• Discernment: this is a classical topic in the history of spirituality. Many times we try to manipulate God. Or we have the false illusion that something comes from God or that it only comes from ourselves. Remember the terrible suffering of Teresa over her mystical experiences and “mental prayer”: do they come from God or from the devil? She speaks with many people about this. That’s why we have to be careful in discernment. God always has to be God. He is near, but He is also beyond any human expectation, idea, or definition. We have to be careful not to convert God into a puppet who says what we want to hear.
  • Capacity for contemplation (a very Carmelite value). Many times I have defended my belief that the contemplative person is not the one who is always looking up to heaven, or watching the cloud. The contemplative person looks around and tries to perceive those humble signs of the presence of God. We have to open our eyes, focus, and be attentive.
  • Courage, because that experience of God may change our ideas, our routine, and/or our prejudices. Let me express this in another way: it changes our lives. Pope Francis often and very strongly insists on this. We cannot observe life from the outside, like we are spectators. We must be involved, especially with the suffering of our brothers and sisters. Remember the criticism of the ‘balconear’ (a neologism in Spanish) who just watches life from the balcony.

We find these three attitudes in a wonderful text in Scripture. Remember the Gospel of John, Chapter 21 in the story of the miraculous catch of fish which occurs on the Lake of Galilee. John presents a very idyllic image in Galilee. This takes place immediately after the scenes filled with dust, blood, cries, arms, crosses, and death. The Apostles return to Galilee as if nothing had happened.

It is also a chapter rich with symbols: the numbers, the fishing, the signs, etc. John plays with real, historical elements in the story but those elements take on a deeper meaning, a sort of ‘semantic ambiguity’. For example, the whole story takes place very early in the morning (at dawn, early in the morning). It is the right moment for fishing on the lake of Galilee (the fishermen still follow this practice today), but at the same time, it perhaps means something else. It is the time of the day in which you see yet you do not see. It is a time for discernment. John, from the boat, sees that strange character on the shore.

There is a dialogue and, after a while, John, the beloved disciple, says ‘It is the Lord’. John is the model contemplative. He is able to see the presence of the Lord in our lives.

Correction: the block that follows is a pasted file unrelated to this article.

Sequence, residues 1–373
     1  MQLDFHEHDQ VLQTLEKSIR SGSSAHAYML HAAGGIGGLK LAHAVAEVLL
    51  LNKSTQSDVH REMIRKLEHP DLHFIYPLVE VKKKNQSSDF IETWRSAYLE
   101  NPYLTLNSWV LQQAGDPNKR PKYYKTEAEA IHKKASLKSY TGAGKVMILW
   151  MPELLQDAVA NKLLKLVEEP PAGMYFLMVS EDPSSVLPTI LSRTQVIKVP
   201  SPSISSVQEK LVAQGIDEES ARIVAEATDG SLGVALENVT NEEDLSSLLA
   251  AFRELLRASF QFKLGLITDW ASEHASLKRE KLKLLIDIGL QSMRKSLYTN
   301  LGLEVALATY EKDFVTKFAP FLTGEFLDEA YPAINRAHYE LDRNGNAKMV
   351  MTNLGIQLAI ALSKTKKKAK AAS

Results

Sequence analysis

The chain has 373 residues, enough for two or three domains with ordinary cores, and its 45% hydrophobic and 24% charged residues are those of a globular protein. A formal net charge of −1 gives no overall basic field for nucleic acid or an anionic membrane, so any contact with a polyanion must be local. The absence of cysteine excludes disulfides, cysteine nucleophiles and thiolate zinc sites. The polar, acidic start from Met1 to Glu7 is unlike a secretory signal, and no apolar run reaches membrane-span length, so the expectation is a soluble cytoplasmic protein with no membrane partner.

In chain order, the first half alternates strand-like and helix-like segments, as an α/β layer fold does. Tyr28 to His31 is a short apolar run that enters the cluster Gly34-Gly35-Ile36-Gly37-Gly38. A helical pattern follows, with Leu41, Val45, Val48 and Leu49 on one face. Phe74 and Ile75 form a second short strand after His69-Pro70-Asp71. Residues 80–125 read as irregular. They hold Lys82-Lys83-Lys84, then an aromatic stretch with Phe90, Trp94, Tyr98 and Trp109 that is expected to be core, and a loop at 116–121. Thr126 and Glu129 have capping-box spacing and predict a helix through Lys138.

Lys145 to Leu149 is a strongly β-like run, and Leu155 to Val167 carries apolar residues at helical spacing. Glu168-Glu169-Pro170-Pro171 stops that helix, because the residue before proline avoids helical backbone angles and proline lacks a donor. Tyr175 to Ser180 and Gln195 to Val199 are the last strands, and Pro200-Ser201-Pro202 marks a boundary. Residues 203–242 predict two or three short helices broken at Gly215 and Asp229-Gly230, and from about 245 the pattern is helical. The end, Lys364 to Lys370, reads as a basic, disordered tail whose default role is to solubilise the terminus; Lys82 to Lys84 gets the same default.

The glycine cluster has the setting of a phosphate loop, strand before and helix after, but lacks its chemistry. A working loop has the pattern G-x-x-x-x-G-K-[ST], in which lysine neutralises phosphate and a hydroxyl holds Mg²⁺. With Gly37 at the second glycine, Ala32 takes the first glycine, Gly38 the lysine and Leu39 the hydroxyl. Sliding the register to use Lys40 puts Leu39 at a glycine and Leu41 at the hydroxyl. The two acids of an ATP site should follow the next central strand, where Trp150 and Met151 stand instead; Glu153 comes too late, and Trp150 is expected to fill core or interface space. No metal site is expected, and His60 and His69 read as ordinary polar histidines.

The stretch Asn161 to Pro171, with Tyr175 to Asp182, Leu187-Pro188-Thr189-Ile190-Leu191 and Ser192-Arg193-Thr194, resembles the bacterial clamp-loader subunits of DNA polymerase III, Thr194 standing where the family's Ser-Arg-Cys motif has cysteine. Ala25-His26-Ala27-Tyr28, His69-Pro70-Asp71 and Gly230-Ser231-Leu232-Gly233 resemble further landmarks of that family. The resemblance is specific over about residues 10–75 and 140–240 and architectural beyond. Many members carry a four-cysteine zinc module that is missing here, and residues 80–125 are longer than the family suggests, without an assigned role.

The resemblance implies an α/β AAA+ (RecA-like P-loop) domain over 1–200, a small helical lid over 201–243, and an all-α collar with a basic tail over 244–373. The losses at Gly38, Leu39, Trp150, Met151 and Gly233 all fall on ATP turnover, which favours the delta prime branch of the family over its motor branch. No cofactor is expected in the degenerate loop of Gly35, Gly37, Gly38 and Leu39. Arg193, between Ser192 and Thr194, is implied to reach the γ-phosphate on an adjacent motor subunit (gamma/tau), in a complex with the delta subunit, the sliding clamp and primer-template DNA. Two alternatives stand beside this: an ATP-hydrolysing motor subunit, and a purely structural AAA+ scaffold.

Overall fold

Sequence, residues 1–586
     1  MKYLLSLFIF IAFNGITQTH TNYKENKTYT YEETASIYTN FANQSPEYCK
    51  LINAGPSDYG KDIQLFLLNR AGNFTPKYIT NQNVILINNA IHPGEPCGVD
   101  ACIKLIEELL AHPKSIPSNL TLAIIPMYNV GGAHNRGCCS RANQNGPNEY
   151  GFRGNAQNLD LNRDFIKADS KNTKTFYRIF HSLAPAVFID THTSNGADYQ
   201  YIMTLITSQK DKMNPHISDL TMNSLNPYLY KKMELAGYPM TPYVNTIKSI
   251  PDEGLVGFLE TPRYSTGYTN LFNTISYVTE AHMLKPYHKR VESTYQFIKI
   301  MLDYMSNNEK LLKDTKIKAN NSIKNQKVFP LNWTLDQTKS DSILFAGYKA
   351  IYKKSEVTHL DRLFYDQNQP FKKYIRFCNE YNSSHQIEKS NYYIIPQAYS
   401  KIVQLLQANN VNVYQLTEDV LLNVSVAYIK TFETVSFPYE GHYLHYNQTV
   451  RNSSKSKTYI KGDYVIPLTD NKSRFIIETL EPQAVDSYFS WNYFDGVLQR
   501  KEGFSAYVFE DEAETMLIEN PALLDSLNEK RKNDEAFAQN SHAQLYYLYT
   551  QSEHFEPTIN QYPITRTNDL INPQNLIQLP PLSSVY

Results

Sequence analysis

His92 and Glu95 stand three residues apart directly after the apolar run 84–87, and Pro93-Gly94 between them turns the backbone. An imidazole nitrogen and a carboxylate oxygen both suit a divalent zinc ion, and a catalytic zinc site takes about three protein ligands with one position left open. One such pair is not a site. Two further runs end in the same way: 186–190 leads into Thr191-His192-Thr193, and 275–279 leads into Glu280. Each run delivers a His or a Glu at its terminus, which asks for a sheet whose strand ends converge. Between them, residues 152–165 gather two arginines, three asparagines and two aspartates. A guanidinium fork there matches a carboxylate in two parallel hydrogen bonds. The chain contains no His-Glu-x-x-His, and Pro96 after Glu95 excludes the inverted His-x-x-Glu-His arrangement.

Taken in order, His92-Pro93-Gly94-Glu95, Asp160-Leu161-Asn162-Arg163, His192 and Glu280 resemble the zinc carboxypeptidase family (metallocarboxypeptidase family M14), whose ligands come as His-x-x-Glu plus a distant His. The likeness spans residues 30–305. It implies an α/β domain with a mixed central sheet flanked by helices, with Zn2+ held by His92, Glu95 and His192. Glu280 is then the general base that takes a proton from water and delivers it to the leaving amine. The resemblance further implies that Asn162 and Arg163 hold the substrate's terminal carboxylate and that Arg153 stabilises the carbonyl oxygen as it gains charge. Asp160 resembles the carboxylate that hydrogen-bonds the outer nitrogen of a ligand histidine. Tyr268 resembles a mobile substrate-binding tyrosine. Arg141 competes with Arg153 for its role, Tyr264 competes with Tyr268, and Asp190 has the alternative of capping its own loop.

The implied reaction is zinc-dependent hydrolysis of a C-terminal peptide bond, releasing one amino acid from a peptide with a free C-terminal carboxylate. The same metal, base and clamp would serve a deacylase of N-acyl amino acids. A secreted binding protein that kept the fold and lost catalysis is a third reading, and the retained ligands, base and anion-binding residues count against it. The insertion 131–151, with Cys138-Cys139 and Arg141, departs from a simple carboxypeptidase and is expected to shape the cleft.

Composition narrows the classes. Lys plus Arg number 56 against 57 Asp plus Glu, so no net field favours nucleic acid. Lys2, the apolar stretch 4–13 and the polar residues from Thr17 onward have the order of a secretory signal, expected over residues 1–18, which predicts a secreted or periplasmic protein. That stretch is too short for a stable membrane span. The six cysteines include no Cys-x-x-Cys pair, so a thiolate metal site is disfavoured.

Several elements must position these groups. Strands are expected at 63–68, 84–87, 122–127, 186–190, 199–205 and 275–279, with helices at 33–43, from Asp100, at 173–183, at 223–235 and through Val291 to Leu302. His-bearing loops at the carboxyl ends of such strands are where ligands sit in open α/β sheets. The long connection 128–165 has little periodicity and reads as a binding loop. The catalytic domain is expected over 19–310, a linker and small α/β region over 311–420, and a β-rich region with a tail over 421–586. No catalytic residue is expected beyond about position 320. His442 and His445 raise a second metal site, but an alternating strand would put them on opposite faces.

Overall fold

But they do not stay inactive; they do not contemplate in a way that is cold, distant, and antiseptic. They jumped into the water and they swam to the beach to meet the Lord (courage).


In the title of our gathering you have included also the word ‘journey’. It is also an important image, not just in the history of spirituality, but also in the Carmelite symbolic universe.

  • The first Carmelites probably went to the Holy Land as individual pilgrims and were nourished by this kind of spirituality.
  • The Carmelite Rule speaks of ‘journeys’ and ‘ways’. Albert or whomever takes it for granted that the Carmelites would be walkers:
    • Since you must more frequently beg on journeys (c. 17)
    • This is a good and holy way: follow it (c. 20)
    • The Institution of the First Monks presents the spiritual life as a four-step journey by which we “ascend to the peak of prophetic perfection” (1, 2). It is a journey that we undertake at God’s command. In fact, the book sees the whole spiritual journey contained in God’s words to Elijah, ‘Depart from here and go towards the East...’ (1Kings 17:2-4).
    • Many other Carmelites have written about the ‘way’ or the ‘journey’ of Carmel. Allow me to cite a couple of examples:
      • In the writings of St Teresa of Jesus the word ‘way’ occurs five hundred times.
      • St John of the Cross conceives of the spiritual life as the ascent of a mountain, with the peak as the place where we are united with God in love. This ascent is essentially a journey of transformation in God.
      • St Thérèse of Lisieux discovered “a little way that is completely new, straight, and very short”.
      • In recent times the Ratio Institutionis Vitae Carmelitanae (RIVC) has developed this image. But in its latest edition, the entire Ratio appears as a ‘way of transformation’. According to the Ratio, formation is a lifelong process of ongoing transformation until we reach full maturity in Christ (RIVC, 14.63.114).